Is It Really Bi-Lingual?
I recently saw the current touring production of “West Side Story,” I felt it had two major flaws one in casting/direction and the other in concept.
The casting/direction problem was caught by many audience members in overheard intermission discussions. Tony could easily be substituted for John Ritter. He was cute and likeable, he had no trace of the hard gang edge that you would expect of such a person, and would eventually lead to his downfall.
The concept problem was more subtle. The Puerto Ricans were given a lot of Spanish dialogue and spoke English with heavy accents. I found it hard at times to even understand their English. This was an interesting and much praised touch. In doing so, the rest of the cast was totally neglected.
I have a good ear for regional accents, and touring shows disappoint me when the cast uses the wrong accent. Gary Sandy (tight jeans, WKRP) spoke Mississippi and Ann Margaret spoke Kentucky in “The Best Little Whorehouse in Texas.” In “August in Osage County” taking place in Oklahoma, only the native American maid spoke Oklahoma, the leads tried a fake southern accent for some reason. In “Light in the Piazza,” the mother struggled with a Carolina accent, but totally broke into “mid-Atlantic” when singing. (Mid-Atlantic in this case does not refer to a US region but a pronunciation standard.) I appreciated shows like “Jersey Boys” and “Billy Elliot” where dialect coaches were used and credited in the program.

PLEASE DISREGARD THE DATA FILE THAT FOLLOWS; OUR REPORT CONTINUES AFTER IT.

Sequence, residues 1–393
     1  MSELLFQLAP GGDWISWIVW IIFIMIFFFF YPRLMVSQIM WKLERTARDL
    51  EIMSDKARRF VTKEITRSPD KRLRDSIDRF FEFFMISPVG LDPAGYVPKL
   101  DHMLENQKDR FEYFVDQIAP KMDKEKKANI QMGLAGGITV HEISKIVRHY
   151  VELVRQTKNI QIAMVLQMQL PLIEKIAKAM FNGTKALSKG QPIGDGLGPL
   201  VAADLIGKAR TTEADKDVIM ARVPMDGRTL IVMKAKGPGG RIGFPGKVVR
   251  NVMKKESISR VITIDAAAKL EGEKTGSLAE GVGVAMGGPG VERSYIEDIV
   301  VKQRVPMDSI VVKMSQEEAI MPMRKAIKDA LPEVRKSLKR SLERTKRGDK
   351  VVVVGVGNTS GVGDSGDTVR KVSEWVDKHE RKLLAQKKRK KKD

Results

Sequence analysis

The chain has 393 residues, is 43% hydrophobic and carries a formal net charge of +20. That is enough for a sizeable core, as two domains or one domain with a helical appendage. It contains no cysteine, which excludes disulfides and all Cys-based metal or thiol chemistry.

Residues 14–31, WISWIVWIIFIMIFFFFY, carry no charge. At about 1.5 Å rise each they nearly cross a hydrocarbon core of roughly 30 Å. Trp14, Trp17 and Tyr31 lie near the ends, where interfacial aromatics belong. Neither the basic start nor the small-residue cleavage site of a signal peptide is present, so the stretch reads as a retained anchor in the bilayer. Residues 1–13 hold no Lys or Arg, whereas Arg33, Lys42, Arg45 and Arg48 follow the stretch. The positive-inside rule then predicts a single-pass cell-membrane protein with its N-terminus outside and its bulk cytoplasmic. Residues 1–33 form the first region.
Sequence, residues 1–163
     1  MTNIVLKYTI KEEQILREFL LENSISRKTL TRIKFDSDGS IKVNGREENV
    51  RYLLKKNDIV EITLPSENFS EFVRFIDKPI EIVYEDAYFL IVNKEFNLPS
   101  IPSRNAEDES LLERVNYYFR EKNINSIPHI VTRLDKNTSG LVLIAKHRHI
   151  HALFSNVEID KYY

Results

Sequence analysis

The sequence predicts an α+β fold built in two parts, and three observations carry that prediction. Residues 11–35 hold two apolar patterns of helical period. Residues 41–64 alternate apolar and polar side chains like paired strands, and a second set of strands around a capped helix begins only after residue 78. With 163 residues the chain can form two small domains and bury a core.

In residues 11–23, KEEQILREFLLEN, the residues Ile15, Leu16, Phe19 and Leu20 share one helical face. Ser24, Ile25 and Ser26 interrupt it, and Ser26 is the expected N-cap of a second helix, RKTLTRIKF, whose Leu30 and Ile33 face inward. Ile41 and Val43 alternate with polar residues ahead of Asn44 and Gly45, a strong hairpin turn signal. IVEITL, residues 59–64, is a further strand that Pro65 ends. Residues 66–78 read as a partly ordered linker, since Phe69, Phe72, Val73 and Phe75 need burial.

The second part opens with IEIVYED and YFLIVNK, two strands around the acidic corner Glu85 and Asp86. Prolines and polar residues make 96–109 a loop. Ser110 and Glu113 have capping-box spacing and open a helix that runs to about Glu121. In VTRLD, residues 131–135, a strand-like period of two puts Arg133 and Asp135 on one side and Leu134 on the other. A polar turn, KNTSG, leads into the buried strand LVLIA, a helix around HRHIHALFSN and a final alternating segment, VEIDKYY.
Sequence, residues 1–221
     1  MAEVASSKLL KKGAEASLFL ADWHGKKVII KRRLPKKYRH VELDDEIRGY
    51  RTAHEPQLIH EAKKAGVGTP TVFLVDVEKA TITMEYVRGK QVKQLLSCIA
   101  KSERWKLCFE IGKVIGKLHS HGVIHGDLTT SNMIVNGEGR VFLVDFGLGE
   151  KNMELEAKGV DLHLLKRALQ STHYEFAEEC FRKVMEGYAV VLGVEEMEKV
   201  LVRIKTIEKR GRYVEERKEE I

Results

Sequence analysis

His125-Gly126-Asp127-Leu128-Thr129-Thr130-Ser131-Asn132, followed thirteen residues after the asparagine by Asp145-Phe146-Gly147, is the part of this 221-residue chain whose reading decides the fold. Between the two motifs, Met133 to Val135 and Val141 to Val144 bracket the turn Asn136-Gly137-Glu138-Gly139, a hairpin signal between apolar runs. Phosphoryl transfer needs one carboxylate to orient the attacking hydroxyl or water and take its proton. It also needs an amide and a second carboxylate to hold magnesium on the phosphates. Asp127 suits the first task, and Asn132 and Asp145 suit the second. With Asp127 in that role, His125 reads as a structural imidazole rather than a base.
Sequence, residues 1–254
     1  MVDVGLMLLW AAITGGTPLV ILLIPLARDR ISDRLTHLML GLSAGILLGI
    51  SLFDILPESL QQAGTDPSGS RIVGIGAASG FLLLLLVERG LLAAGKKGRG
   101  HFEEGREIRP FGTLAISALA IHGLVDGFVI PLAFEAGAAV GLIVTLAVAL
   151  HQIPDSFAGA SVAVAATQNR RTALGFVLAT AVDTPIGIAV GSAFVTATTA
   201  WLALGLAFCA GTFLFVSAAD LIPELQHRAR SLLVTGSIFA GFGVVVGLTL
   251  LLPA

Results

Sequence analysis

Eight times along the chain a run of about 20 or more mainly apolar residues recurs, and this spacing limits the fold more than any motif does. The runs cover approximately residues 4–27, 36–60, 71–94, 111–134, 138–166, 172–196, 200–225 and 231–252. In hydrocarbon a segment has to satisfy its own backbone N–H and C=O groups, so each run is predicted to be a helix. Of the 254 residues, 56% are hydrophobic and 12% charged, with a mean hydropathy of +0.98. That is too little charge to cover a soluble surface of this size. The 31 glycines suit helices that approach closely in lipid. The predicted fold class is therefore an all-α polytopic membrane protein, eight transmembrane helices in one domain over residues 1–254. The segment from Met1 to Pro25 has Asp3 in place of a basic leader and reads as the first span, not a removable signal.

So what happened? The Spanish speaking cast spoke Spanish and Spanish accented English. The English speaking cast of that production portraying a New York street gang did not speak “New York.”
This all brought to mind a “bi-lingual” production at puppet festival years ago. The native Spanish speakers also spoke the English translations with thick Spanish accents. I am sorry, they were not speaking English. Now there are regional accents all over the place, but there is a standard (mid-Atlantic), that is taught in broadcasting schools and such devoid of regionalism.
Forget the excuse that foreign speakers have a hard time with English sounds (flied lice, yale v. jail, etc.). I took German in college and one of the very first things the teacher hit on was learning to pronounce the German sounds not found in English (namely, the “L,” the umlaut “U,” the throat clearing “CH,” and the rolling “R” that even though this area of the country pronounces “R’s,” the teacher kind of gave up on this one).
So I believe multi-lingual productions should give equal emphasis to all the languages used, not only in grammar and vocabulary, but in pronunciations.